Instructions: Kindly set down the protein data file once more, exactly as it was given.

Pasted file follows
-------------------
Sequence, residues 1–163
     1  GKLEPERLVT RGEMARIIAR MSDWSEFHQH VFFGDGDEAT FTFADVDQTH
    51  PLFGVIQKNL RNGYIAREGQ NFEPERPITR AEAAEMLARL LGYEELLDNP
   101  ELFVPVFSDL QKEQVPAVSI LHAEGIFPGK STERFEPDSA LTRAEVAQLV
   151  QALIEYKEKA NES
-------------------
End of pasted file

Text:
Sequence, residues 1–163
     1  GKLEPERLVT RGEMARIIAR MSDWSEFHQH VFFGDGDEAT FTFADVDQTH
    51  PLFGVIQKNL RNGYIAREGQ NFEPERPITR AEAAEMLARL LGYEELLDNP
   101  ELFVPVFSDL QKEQVPAVSI LHAEGIFPGK STERFEPDSA LTRAEVAQLV
   151  QALIEYKEKA NES